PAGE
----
Dictionary of National Biography, 1885-1900/Moore, Graham
MOORE, Sir GRAHAM (1764–1843), admiral, third surviving son of Dr. John Moore (1729–1802) [q. v.], was younger brother of Lieutenant-general Sir John Moore [q. v.] and of James Carrick Moore [q. v.] He entered the navy in 1777, and served in the West Indies, on the North American station, and in the Channel. On 8 March 1782 he was promoted to be lieutenant of the Crown, one of the fleet with Lord Howe at the relief of Gibraltar, and in the rencounter with the allied fleet off Cape Spartel in October 1782. After the peace he went to France to perfect himself in the language, but was recalled by an appointment to the Perseus, in which, in the Dido, and in the Adamant, flagship of Sir Richard Hughes at Halifax, he served continuously till promoted, 22 Nov. 1790, to be commander of the Bonetta sloop; in her he returned to England in 1793. On 2 April 1794 he was posted to the Syren frigate, employed during the year in the North Sea, and afterwards on the coast of France, as one of the squadron under the orders of Sir Richard John Strachan [q. v.] In September 1795 he was moved into the Melampus of 42 guns, and, remaining on the same station, cruised with distinguished success against the French privateers and coasting trade. In the summer of 1798 he was attached to the squadron on the coast of Ireland, under Sir John Borlase Warren [q. v.], assisted in the defeat of the French squadron on 12 Oct., and on the 14th captured the Resolve of 40 guns, with five hundred men, including soldiers, on board. In February 1800 he went out to the West Indies; but after eighteen months he broke down under the trial of a summer in the Gulf of Mexico, and in August 1801 was compelled to invalid.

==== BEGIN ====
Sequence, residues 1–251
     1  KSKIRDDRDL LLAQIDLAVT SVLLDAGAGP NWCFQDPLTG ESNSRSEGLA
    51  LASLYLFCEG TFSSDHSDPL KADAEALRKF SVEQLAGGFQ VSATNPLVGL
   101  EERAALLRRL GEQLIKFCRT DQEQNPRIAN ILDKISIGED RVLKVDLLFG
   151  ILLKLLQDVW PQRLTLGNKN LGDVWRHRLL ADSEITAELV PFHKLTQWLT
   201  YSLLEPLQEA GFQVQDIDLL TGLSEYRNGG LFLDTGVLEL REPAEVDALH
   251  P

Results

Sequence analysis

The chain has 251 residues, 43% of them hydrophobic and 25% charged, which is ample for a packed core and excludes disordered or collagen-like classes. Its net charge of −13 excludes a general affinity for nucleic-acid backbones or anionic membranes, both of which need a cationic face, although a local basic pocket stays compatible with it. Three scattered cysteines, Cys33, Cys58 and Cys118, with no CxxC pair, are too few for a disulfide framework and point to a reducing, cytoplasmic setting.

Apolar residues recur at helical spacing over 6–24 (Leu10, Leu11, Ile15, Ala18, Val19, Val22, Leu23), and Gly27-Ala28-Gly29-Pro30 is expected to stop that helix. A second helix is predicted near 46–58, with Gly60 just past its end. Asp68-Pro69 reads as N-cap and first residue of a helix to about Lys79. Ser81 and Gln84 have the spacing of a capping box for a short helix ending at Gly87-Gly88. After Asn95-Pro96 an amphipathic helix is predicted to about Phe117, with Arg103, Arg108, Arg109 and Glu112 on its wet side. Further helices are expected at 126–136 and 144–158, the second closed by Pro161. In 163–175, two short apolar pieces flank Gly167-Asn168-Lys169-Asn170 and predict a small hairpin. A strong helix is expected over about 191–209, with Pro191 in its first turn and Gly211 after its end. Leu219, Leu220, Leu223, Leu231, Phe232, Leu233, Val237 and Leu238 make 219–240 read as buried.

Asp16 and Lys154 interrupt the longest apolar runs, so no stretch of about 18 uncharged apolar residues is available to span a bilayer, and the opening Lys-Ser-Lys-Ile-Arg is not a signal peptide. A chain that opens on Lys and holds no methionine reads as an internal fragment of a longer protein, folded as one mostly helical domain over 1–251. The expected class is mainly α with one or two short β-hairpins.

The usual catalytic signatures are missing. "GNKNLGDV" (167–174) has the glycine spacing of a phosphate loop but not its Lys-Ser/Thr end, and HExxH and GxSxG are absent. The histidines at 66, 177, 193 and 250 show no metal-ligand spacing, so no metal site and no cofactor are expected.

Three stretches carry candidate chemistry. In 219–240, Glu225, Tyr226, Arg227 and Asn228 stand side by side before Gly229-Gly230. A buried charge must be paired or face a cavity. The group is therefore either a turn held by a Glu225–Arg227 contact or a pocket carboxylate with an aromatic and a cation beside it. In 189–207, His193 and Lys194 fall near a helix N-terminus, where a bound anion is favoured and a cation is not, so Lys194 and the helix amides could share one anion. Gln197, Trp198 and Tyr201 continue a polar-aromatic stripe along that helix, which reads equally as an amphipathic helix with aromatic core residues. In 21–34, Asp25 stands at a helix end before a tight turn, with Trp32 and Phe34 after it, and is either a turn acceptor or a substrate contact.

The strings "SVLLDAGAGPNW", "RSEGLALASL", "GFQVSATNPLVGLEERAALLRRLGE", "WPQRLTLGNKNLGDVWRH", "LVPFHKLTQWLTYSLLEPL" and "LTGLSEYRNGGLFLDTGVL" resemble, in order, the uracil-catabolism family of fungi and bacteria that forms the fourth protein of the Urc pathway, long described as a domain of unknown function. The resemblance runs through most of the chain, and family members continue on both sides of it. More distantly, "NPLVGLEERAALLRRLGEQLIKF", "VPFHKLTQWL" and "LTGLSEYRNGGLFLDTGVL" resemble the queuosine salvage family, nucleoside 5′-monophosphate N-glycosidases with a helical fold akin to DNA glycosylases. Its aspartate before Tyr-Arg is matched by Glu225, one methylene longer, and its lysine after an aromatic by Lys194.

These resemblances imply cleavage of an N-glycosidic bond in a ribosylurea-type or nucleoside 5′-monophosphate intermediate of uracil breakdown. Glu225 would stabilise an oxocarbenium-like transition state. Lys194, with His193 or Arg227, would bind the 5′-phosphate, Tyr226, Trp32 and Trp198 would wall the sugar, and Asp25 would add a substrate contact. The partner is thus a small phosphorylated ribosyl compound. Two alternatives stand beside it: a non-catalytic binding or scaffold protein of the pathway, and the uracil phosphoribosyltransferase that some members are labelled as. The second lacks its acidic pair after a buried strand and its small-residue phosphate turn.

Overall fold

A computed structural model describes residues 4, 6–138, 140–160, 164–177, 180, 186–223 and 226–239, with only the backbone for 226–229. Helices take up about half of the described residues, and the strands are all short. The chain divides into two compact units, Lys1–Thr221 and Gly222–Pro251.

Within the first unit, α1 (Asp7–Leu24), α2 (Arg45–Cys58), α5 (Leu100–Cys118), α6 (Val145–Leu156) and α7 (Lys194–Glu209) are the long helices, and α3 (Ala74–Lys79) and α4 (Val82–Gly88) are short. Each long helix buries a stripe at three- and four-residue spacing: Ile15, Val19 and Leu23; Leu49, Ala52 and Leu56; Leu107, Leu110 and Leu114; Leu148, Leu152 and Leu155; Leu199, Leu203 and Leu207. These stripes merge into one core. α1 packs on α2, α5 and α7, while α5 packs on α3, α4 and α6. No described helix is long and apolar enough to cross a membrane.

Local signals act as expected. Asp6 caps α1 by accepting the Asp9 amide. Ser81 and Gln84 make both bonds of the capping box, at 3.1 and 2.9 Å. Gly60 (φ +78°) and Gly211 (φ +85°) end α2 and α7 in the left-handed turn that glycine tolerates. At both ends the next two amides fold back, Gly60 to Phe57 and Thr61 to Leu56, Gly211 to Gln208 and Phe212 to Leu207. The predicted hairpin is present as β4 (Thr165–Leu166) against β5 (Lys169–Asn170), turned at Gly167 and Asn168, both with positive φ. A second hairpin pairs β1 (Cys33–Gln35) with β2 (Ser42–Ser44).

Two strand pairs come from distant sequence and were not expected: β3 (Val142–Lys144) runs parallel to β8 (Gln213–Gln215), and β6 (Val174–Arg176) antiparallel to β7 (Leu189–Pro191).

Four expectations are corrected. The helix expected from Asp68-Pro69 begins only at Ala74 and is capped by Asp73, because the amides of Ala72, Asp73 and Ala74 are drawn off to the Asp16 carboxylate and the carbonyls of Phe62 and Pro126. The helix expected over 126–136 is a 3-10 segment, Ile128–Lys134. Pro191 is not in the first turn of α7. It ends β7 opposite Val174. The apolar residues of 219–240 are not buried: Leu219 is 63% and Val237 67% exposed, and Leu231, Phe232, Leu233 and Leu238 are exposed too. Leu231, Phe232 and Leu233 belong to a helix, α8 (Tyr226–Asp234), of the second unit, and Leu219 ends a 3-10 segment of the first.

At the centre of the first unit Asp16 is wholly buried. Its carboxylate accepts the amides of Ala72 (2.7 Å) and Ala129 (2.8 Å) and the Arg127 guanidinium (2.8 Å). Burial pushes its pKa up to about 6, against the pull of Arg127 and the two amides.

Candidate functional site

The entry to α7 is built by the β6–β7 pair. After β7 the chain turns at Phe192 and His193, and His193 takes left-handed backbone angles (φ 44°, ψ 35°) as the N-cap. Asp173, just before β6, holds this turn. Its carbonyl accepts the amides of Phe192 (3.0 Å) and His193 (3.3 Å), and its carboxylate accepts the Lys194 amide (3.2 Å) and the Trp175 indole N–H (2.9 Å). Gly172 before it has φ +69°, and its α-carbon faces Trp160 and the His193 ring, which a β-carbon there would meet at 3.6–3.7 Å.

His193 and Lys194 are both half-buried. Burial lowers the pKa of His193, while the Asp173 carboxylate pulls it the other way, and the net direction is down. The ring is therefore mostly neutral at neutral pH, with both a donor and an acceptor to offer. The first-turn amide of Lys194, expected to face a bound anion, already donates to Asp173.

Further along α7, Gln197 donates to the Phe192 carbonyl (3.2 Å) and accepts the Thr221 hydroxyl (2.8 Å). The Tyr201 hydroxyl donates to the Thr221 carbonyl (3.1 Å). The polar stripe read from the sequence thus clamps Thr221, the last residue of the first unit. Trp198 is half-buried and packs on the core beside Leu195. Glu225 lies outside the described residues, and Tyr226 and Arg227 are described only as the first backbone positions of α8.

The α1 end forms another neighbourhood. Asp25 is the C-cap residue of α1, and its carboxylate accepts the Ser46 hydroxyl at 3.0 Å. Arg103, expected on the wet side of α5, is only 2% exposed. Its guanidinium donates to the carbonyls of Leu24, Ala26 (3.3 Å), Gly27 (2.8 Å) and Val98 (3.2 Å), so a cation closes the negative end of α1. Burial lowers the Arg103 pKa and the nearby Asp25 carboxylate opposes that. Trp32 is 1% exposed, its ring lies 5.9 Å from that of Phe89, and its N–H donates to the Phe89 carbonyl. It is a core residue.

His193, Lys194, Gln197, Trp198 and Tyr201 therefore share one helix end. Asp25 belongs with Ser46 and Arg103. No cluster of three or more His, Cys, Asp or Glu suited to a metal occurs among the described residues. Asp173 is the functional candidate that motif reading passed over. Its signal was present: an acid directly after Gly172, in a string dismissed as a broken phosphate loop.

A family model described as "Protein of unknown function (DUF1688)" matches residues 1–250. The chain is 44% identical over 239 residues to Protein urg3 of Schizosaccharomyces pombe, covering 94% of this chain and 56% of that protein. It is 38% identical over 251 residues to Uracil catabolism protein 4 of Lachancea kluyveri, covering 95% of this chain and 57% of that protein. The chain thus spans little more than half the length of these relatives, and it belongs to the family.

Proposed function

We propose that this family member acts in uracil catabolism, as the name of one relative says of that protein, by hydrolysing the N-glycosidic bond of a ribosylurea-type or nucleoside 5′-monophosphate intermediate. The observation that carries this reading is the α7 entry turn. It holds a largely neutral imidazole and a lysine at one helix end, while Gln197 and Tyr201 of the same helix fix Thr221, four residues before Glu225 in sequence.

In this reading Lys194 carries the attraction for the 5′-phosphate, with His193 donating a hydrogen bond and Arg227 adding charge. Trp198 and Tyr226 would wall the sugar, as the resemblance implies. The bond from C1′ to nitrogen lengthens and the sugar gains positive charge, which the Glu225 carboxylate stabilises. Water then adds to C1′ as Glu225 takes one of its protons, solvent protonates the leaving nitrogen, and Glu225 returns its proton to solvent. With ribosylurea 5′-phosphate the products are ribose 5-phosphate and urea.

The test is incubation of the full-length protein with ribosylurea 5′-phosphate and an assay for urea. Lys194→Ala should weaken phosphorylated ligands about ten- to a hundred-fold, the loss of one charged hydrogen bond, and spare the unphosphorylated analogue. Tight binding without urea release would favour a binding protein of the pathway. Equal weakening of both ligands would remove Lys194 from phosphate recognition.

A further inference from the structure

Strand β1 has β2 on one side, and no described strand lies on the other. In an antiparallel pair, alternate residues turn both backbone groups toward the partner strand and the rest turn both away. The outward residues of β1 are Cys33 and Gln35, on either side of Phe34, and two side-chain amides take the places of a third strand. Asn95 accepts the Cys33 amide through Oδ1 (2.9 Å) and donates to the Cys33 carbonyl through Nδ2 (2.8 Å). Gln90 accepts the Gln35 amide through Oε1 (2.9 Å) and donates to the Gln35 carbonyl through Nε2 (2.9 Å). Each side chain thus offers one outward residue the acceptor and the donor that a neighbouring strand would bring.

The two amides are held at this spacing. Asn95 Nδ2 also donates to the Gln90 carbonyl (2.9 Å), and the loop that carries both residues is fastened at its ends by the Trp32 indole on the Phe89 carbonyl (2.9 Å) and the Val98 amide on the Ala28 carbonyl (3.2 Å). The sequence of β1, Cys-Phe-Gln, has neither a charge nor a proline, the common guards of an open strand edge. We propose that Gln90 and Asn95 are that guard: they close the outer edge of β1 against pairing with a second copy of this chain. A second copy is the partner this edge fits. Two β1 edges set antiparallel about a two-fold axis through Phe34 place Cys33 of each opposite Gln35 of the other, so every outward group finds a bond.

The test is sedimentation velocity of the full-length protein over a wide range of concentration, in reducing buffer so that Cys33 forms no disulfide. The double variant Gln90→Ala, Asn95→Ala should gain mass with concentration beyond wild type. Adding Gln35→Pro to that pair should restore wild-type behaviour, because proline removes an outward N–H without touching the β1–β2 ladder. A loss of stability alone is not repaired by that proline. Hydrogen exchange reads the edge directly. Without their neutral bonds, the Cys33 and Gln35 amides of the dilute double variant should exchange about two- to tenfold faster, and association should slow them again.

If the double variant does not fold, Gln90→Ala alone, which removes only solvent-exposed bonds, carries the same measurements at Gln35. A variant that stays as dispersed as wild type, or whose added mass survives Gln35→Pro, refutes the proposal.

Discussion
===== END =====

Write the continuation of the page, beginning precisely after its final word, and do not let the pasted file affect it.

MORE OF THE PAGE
On the renewal of the war in 1803 he refused to stay on shore, and was appointed to the Indefatigable, a 46-gun frigate, attached to the fleet off Brest under Admiral Cornwallis. In September 1804, in consequence of the threatening attitude of Spain, and the intelligence that a large quantity of treasure expected at Cadiz was intended for the service of France, Moore, in command of a small frigate squadron, four in all, was sent to watch off Cadiz and intercept the treasure ships. On 4 Oct. they were sighted, four frigates under the command of a rear-admiral. The two squadrons approached each other in line of battle. On a shot being fired across his bows the Spanish admiral brought to, and Moore sent an officer on board to say that he had orders to detain the ships and carry them to England, that he wished to execute his orders without bloodshed, but the admiral's determination must be made at once. The Spanish admiral refused to yield to a nominally equal force. A sharp action took place, three of the Spanish frigates were captured, the fourth was blown up, with the loss of nearly all on board. The treasure taken amounted to upwards of three and a half million dollars, and was condemned as the prize of the captors, although war was not declared till 24 Jan. 1805, more than three months afterwards.